Veteran Women-Owned Businesses Are Growing Exponentially

Over the last decade, women-owned businesses and entrepreneurship have, not only increased but are rapidly growing in volume. Today, more fearless women who served in the United States Military are taking leaps into entrepreneurship and starting businesses of their own to close the business opportunity gap. 

As of 2012, veteran women-owned businesses accounted for 383,302, or 3.9% of the ten million women-owned firms in the United States. Veteran women-owned firms increased by 294.7% from 2007 to 2012. Although these numbers are exciting to report, there are a few catalytic factors that contribute to the spike in veteran women-owned businesses. 

 

Increased Military Enrollment 

Since the unfortunate events of September 11, 2001, more women have enrolled in the military, thus creating more veteran women. These women are choosing to use their military experience and energy to start new business ventures and not fall back into ordinary civilian life at home. As of 2016, there were approximately 2.1 million women veterans, comprising 9.6% of the veteran population. This number is only expected to increase.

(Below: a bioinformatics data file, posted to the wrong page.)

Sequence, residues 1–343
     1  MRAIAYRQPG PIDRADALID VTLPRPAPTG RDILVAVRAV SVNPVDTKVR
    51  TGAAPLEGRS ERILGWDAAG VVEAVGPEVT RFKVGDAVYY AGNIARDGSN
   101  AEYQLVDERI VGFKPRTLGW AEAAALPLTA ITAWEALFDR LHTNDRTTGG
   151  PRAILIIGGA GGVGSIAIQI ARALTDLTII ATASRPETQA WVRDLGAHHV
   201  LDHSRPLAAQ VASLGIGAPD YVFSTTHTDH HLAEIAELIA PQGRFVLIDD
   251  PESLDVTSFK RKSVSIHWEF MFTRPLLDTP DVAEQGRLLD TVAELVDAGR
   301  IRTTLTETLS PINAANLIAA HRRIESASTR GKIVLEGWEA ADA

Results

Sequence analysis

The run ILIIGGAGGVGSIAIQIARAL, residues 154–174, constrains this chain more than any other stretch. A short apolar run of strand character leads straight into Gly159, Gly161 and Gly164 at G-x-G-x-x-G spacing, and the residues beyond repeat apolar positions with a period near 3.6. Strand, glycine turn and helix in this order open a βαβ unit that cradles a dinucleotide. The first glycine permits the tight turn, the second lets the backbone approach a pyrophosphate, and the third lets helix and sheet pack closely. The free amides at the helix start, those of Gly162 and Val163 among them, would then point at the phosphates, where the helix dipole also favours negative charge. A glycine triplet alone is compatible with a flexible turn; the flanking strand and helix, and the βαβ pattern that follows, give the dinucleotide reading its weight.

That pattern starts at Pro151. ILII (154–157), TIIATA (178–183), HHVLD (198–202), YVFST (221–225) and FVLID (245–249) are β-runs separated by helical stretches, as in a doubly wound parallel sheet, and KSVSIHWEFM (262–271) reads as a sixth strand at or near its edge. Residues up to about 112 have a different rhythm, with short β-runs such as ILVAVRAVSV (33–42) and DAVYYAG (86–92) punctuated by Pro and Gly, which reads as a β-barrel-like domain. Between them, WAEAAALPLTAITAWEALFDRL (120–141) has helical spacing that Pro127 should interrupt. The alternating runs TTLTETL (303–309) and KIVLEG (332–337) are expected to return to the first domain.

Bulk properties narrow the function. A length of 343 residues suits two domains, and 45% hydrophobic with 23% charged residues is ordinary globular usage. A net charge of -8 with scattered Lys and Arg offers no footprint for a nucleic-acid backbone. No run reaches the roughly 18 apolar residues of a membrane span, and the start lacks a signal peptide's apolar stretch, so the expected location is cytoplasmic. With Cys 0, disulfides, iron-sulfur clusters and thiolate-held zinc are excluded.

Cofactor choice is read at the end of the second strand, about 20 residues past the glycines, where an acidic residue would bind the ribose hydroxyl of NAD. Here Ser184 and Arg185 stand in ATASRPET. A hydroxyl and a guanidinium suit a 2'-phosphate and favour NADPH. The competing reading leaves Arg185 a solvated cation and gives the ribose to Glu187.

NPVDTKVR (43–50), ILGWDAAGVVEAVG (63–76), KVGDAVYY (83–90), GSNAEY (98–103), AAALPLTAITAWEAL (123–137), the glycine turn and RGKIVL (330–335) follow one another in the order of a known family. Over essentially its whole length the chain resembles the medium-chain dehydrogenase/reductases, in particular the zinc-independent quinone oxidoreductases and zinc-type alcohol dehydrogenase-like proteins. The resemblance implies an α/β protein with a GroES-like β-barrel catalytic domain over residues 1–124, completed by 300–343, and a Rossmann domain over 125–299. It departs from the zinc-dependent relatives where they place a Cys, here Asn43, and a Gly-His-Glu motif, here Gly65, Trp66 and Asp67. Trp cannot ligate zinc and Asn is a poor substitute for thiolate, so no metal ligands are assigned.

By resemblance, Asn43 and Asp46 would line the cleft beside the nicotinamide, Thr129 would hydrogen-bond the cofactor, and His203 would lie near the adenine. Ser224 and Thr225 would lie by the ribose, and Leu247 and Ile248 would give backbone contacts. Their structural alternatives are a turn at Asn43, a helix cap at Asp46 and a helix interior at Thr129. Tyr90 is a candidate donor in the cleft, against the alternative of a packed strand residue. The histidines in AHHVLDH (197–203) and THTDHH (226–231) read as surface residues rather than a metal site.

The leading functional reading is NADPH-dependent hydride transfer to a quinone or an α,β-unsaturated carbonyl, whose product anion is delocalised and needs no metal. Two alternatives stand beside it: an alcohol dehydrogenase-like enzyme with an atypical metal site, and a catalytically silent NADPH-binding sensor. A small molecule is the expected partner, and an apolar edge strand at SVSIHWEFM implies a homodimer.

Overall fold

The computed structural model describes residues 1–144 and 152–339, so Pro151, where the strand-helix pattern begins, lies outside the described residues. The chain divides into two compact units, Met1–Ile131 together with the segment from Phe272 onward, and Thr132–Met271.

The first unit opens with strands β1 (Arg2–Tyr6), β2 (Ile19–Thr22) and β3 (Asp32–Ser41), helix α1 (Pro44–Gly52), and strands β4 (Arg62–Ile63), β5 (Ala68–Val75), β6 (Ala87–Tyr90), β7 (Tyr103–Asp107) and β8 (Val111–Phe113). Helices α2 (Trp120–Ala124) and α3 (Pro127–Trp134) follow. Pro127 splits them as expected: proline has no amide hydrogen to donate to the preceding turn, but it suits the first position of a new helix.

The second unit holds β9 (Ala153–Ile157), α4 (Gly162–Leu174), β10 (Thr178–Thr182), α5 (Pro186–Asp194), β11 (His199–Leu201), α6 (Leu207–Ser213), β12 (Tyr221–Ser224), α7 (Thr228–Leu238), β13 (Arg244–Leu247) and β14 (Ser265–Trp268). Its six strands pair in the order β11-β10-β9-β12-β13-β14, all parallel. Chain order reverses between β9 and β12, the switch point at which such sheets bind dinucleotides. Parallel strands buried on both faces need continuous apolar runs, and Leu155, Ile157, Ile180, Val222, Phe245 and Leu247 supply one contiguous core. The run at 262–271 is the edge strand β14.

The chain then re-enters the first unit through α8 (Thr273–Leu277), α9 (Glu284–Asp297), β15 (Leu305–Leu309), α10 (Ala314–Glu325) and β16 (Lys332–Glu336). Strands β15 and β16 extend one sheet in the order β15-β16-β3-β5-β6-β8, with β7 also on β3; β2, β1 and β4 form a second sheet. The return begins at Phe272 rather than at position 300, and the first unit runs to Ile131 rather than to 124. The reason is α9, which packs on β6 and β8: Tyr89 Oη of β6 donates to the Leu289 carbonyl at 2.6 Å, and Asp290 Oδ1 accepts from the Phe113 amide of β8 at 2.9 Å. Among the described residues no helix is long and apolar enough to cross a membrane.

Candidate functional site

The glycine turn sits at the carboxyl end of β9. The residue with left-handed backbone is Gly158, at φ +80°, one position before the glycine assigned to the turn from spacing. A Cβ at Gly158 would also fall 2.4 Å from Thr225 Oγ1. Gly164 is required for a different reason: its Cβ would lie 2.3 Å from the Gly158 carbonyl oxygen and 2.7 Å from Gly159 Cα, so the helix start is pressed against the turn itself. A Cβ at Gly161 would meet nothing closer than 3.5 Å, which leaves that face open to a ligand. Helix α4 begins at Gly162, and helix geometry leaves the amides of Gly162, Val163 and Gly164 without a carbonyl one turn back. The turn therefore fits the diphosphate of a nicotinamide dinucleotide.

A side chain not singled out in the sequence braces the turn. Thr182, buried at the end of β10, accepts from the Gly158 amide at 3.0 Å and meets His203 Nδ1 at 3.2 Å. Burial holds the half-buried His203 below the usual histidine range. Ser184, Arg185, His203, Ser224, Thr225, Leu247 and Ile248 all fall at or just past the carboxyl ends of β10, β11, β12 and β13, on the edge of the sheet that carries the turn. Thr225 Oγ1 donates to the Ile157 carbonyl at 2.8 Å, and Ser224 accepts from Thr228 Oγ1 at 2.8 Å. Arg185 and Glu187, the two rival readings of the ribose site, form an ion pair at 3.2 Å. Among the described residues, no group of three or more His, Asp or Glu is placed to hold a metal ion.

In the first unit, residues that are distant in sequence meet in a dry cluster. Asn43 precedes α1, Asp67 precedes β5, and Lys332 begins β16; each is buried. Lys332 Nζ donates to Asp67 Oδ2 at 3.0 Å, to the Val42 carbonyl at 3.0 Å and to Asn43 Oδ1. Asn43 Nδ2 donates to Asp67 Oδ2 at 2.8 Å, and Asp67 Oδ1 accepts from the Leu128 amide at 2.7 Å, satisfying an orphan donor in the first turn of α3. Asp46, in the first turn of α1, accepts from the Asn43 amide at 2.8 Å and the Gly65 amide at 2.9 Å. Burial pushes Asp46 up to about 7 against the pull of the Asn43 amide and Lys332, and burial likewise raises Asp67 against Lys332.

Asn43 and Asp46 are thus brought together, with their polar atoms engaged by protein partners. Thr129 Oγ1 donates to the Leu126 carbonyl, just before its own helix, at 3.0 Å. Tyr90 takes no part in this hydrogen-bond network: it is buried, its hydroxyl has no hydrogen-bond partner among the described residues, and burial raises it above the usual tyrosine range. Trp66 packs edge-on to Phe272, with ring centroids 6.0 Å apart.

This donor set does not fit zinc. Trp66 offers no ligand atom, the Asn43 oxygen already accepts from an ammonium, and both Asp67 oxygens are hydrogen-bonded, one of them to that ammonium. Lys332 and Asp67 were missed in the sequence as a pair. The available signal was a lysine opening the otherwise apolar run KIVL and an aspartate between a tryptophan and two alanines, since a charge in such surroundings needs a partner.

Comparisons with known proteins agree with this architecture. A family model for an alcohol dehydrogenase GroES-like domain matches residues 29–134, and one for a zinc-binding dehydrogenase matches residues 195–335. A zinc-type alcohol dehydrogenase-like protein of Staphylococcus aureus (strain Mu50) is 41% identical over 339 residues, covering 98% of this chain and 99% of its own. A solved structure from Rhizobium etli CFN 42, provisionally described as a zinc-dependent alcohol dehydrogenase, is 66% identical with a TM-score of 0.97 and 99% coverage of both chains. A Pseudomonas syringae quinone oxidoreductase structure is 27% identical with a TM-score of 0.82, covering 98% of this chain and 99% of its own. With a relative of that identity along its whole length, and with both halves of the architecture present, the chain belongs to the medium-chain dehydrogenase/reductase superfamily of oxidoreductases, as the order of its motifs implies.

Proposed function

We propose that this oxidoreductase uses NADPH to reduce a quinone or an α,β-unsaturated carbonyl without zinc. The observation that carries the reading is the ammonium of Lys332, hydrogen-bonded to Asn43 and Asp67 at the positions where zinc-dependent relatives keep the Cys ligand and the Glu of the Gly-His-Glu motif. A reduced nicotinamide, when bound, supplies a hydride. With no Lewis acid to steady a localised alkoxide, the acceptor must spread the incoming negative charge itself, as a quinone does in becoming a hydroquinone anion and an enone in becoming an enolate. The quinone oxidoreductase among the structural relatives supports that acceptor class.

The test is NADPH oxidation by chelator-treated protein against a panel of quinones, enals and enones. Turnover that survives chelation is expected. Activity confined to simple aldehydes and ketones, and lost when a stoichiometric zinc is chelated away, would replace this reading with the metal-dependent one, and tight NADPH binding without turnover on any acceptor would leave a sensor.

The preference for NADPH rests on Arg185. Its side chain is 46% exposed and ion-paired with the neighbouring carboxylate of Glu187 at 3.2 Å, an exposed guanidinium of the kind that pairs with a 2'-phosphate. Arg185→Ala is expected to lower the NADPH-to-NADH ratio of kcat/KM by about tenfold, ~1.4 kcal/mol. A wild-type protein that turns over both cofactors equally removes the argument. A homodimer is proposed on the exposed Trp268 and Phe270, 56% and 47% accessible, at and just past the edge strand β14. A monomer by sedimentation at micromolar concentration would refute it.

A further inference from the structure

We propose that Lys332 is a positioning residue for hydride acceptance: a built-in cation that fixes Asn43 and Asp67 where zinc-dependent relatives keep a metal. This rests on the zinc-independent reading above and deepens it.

Leadership Experience

Military life is known to be extremely structured and organized for success. Veteran women are using their leadership experience, most of all, to lead their team of employees to propel their businesses forward. Regardless of military rank, the exposure to high ranking military leadership, alone, is an essential skill that women acquire during the tenure of their service.

 

Increased Access to Resources 

Within this decade, resources that support veteran entrepreneurs have increased. Organizations like the Small Business Association’s Office of Veteran Business Development, Women Veteran Entrepreneur Corps, Veteran Women Business Centers, and the Syracuse’s Institute for Veterans and Military Families Veteran Women Igniting the Spirit of Entrepreneurship are all providing resources to support veteran women entrepreneurs making it easier for this group to enhance their enterprises. Support includes the hardships and hurdles such as homelessness, PTSD and mental illness, and the difficulty transitioning to civilian lifestyles. 

Veteran women are respected for their commitment to serving their country, and now are earning more respect for their commitment to prosper on their own by becoming their own bosses.

To learn more about veteran women entrepreneurs, please see our Walker’s Legacy Veteran Woman Entrepreneur Fast Fact Sheet.

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JannahB

Jannah Bolds is a writer, journalist and responsible for membership and subscription engagement for Walker's Legacy.

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